May 10 (UPI) -- The Federal Communications Commission fined a Florida man a record $120 million Thursday for a robocalling operation aimed at selling travel packages and timeshares, the agency said.
The FCC said Adrian Abramovich of Miami made almost 100 million robocalls over a three-month period in what the agency called a "malicious spoofing" operation.
The FCC said Abramovich violated the Truth in Caller ID Act, which prohibits callers from deliberately falsifying caller ID information with the intent to harm or defraud customers.
"Tough enforcement is a key part of the FCC's robust strategy for combating illegal robocalls, and this Forfeiture Order represents a big step forward in our enforcement efforts," FCC Chairman Ajit Pai said Thursday.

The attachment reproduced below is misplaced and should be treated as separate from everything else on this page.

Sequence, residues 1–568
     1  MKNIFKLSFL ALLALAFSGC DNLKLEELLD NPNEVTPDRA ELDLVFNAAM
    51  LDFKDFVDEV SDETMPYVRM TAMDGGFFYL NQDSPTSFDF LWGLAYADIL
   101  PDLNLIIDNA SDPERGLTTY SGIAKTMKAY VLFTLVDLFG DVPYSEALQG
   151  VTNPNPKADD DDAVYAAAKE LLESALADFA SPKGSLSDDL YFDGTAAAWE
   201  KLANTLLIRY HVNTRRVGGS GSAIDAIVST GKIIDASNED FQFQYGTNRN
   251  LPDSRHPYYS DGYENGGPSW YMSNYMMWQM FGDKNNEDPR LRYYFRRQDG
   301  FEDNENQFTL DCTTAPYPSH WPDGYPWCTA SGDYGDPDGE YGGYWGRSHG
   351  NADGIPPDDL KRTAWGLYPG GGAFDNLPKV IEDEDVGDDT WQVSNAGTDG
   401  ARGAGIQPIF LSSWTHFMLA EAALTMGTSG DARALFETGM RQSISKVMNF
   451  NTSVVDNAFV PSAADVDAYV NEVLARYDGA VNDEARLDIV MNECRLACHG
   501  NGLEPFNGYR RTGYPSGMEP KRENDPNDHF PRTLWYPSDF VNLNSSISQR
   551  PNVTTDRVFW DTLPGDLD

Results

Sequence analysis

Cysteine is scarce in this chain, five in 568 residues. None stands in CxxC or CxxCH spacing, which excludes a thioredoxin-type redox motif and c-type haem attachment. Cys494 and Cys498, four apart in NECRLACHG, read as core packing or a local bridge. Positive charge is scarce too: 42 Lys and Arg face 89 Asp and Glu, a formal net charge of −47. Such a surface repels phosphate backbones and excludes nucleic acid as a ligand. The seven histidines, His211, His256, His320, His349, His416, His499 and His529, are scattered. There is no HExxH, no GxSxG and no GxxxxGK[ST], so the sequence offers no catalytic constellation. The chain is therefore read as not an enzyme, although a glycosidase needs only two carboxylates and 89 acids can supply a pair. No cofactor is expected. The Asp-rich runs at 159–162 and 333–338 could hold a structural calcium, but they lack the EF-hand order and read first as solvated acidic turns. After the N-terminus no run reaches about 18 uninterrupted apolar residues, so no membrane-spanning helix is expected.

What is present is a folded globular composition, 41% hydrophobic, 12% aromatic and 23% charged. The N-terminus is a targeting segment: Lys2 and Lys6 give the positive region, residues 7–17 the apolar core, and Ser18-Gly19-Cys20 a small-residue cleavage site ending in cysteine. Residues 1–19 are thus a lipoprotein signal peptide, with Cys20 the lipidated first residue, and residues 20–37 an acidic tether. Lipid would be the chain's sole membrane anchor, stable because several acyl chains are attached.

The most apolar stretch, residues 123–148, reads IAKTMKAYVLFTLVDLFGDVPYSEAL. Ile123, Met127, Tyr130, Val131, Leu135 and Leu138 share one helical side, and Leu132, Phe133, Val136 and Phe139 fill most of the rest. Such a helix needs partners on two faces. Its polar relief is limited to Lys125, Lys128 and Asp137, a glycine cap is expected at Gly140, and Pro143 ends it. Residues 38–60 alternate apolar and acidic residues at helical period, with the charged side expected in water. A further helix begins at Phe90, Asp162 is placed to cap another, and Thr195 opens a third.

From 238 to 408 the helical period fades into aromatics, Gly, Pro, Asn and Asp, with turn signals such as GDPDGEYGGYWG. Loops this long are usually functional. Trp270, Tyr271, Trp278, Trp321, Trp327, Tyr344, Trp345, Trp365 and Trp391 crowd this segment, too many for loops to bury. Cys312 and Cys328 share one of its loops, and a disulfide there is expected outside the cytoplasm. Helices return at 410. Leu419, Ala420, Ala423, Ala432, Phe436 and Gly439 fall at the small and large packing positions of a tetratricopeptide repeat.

"This is the largest illegal robocalling scheme that the FCC has investigated to date, and we are appropriately imposing a $120 million forfeiture in response."
Investigators said Abramovich used the robocalls to "trick" consumers into answering and listening to his advertisements. They said he used a practice known as "neighbor spoofing" to make the calls appear local -- increasing the likelihood that people would answer the calls.
The calls purported to be from well-known travel or hospitality companies like Marriott, Expedia, Hilton, and TripAdvisor, the FCC said. After answering the calls, people were redirected to foreign call centers that attempted to sell timeshares and vacation packages.
The FCC said it received numerous complaints from residents and travel businesses about the calls. Spōk, a medical paging company, also complained after its network was disrupted by the calls.
Abramovich testified in Congress last month under subpoena. During the hearing, he described the robocalls as "very easy," noting that it's possible to make as many as 10,000 calls a day.